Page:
Not even out of the first valley, the views were already spectacular. Neat rice terraces carved out of the hillside, thatched cottages clinging on like magnets, every now and again a waterfall gushing from a great height providing us with a cool way to freshen up in-between trekking. With the crisp air and clear sunshine, this was nature at its best leaving your body feeling healthy and alive as you awoke at 6 am each morning with the rising sun and fell fast asleep by 9 pm after a day full of exercise.
Trekking became your daily job, a far cry from my usual day’s work which just weeks before had been hunched over a computer in an office or running around to stressful meeting after meeting; artificial lighting, stuffy rooms and miserable colleagues. Sleeping in basic trekking huts on wooden planks that were surprisingly comfortable, I wrote in my diary by candlelight the rather dramatic; “this is really living”.It was October and the time of the Hindu, ‘Dassain Festival’ which is one of the most auspicious events in the Nepalese calendar, which commemorates the victory of Gods and Goddesses over demons. It is a time for family, community, fun, games and laughter. For the visitor, Dassan Festival meant to see hundreds of kites flying in the sky (to remind the Gods not to rain anymore) and notice bamboo swings, known as ‘ping’ in Nepali, which are constructed all over the land during this time in the spirit of community and fun. Whilst trekking, we saw families get together to ritually slaughter animals such as buffalo, hens and goats in an attempt to give penance to the Gods. For many poor families, it is one of the few times during the year that they get to eat meat and huge feasts are organised with great enthusiasm and joy. Each day, we followed a windy upward path that changed from cobbled steps to woodland staircases, over rickety bamboo bridges before dipping down into atmospheric misty valleys or opening up into vast panoramas of the Himalaya. We weaved through tiny mountain villages passing by other smiling trekkers who would say a cheerful hello in a variety of different languages or Sherpa’s with donkeys carrying eggs, chicken, bread and other goods from village to village.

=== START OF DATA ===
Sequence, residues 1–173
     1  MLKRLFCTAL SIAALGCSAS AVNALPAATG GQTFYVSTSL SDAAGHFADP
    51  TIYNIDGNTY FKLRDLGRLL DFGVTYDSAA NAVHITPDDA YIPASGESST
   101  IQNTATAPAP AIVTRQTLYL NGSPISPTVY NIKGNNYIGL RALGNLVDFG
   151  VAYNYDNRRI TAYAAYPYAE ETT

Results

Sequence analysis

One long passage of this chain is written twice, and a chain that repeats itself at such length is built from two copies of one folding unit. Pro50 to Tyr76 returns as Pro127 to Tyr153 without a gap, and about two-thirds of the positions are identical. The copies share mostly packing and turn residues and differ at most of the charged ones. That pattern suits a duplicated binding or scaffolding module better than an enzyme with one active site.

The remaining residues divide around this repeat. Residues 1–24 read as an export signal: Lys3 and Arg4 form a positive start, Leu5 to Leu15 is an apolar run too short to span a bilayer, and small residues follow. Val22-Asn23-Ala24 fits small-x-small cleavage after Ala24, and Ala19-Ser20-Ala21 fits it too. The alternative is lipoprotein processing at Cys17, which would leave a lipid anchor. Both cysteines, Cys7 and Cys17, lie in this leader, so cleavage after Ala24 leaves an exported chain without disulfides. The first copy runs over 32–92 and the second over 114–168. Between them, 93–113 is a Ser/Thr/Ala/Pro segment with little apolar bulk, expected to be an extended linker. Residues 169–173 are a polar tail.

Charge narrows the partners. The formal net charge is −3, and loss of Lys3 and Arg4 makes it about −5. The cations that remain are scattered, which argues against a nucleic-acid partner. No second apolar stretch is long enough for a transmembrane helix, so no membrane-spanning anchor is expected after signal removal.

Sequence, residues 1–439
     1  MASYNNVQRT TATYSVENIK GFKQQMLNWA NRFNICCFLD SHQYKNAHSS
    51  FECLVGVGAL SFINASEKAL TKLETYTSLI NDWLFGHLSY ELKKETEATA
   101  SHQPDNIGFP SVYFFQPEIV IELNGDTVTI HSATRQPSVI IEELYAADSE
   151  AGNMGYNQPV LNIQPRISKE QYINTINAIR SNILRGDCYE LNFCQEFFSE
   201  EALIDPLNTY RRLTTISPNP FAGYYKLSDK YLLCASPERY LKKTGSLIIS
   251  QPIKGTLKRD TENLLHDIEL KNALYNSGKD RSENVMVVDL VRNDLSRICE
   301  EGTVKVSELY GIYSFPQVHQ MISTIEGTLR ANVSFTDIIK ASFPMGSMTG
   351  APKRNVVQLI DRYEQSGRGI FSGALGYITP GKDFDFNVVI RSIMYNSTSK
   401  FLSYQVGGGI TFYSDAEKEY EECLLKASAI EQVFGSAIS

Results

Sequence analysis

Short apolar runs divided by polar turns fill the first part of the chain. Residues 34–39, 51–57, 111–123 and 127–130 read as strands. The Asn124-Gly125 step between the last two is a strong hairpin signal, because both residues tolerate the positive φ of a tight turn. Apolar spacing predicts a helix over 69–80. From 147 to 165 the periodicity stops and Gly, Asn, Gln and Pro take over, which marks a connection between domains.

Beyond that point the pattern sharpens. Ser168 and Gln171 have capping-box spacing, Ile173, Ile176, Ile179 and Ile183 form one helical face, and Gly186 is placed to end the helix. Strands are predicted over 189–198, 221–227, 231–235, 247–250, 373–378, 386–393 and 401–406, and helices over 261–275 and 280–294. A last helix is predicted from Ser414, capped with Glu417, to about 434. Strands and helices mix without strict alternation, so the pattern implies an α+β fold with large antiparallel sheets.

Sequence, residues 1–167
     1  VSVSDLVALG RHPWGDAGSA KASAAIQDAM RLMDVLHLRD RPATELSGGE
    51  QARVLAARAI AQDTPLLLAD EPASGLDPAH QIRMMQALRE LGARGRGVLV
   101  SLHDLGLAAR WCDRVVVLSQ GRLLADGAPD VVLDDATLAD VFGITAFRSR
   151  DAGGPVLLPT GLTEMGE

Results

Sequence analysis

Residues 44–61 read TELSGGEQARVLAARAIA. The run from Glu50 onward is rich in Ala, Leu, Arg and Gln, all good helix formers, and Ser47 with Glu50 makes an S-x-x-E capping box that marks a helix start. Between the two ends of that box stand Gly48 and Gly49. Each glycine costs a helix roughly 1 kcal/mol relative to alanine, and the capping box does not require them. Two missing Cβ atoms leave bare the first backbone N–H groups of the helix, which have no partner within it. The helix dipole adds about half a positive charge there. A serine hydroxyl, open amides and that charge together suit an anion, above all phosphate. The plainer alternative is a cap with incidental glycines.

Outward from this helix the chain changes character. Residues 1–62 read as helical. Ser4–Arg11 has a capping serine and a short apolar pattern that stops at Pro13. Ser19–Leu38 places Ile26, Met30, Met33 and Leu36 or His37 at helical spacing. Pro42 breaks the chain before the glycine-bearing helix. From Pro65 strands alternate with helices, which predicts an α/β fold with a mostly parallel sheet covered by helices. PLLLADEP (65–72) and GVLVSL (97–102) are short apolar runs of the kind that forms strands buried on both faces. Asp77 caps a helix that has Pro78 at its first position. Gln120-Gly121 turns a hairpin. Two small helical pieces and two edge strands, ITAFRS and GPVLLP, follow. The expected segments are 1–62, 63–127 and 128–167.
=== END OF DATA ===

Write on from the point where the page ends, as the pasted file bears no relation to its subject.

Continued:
As we got higher and higher, the temperature fell and we were getting closer to the lofty peaks, yet nowhere near their summits. Only serious climbers were able to attempt such a daring, and some would say crazy, feat. At one point, we passed by a misty area where a pile of stones, or a cairn, lay surrounded by Tibetan prayer flags. Our guide explained that we were passing through an avalanche warning zone and this was, in fact, the site where trekkers had died in an avalanche just a few years ago. Much as I adored these high places, signs such as these remind you of how much respect you should pay to the mountains and the unpredictable force of nature. This is no place for man.On the fifth day, after a breathless climb through a mist-laden gorge, we reached Machapuchare Base Camp, at 3729 metres. Our guides had warned us about the effects of altitude sickness and during the last stretch to reach the trekking lodge at Machapuchare, I had really felt my body moving slower and my breath getting shorter. I was relieved to receive a hot plate of Dal Baht, (lentils and rice with an assortment of vegetable curries) in the kerosene-heated trekking lodge for the night. Until this day the smell of kerosene has the magical power to transport me back to those days trekking in Nepal! That night, it was a Full Moon and I tried but failed to take photos of the bright white sphere next to the impressive two-pronged jagged peak of Machapuchare (or Fish Tail in English) against a navy blue sky. As we drank hot chocolate and our breath made clouds as we chatted in the cold night air, our guides told us about the legend of Machupuchare. Every person who has tried to climb the mountain has failed and have either met their fate or something has forced them back down the mountain, leaving the summit unclaimed until this day. In 1957 it was declared a sacred mountain and is now forbidden to climbers. Nepalese people believe that a God lives up the mountain and is angered when climbers try to reach the top… Up here with the thinning air, intense silence of the night and awesome beauty, it was easy to understand why people have thought of the mystical mountains as homes for the Gods. The next morning at the crack of dawn after a hearty banana porridge, we began our final ascent to reach Annapurna Base Camp, the highest point that we would trek on this trip at 4,130 metres. It was a stunningly ‘glad to be alive’ morning and I took it easy up the path to the base camp so that I could take in the most incredible scenery that I had ever seen in my life. Everyone was in fantastic spirits; hikers grinned and took photos incessantly whilst the porters sang a famous Nepalese trekking song, “I am a donkey, you are a monkey, resham firiri” referring to the load that they carry for the trekker who is able to prance around like a monkey without any weight… sad, but true. Reaching the camp, you just couldn’t take your eyes off those amazing pinnacles all around and I was in mountain heaven. The Annapurna Massif on one side, dominated by the immense south face of Annapurna, (8,091 metres) the satellite peak Hiunchuli (6441 metres) and the incredibly beautiful Machapuchare on the opposite side. Up here, if you tilt your neck back, at first you think that you are looking at a mountain shaped cloud far up in the sky, but it is, in fact, the very tips of the mountains penetrating the heavens. We wandered around the base camp exploring and taking photos before settling to watch a high-altitude game of volleyball that was taking place amongst the porters and trekking guides on the most scenic court known to man. Annapurna Base camp was the starting point for Chris Bonington’s famous 1970 British expedition and the subject of the book ‘Annapurna South’ that I had been reading during the climb. Walking up to a high ridge which sunk down into an enormous cavern, I found a precarious cairn gripping to the lip of the earth. Tibetan flags fluttered in the strong, cold wind around the cairn and I noticed the names of climbers carved into metal plates that had been nailed to the stones. I recognized the names of one of the climbers that I had been following the story of in my book. I wasn’t yet up to the part where he had obviously lost his life during the climb and I shuddered at the realization. The evidence once again confirmed the fact that these mountains deserved ultimate respect by humans; the atmosphere was daunting, almost spooky and surreal up here. That night we lay in bed, fleece; leggings, trousers, jacket, coat, three pairs of socks, hat, scarf and an enormous puffer jacket and still couldn’t get warm. Off in the distance, I could hear the spontaneous crash of an avalanche and at one point I thought I heard footprints of an Abominable Snowman or Yeti – but I’m sure that was just my imagination getting the better of me. Rising at dawn, we were just in time for the sun to greet us with an incredible light show across the peaks. Shafts of sunshine hit the peaks at different angles causing patterns and beams of white, blue and pink across the mountains. It was a five day walk back to civilization and much as I adored being so close to the peaks I could touch them, I was pleased to be heading down to a warmer clime and a few simple home comforts – the first hot shower I had back in Pokhara is still the best shower I have ever had to this day! My journey in the Himalaya had been incredible and during the trek, I had cultivated an even deeper respect for the mountains that I love and the courageous ‘fools’ who try to conquer them. As always after time spent in high places, I felt that once again, my life had been brought into perspective and order by nature’s magnificent peaks. [ux_products style=”bounce” type=”row” col_spacing=”normal” columns=”2″ ids=”234108,234152″ image_height=”50%”]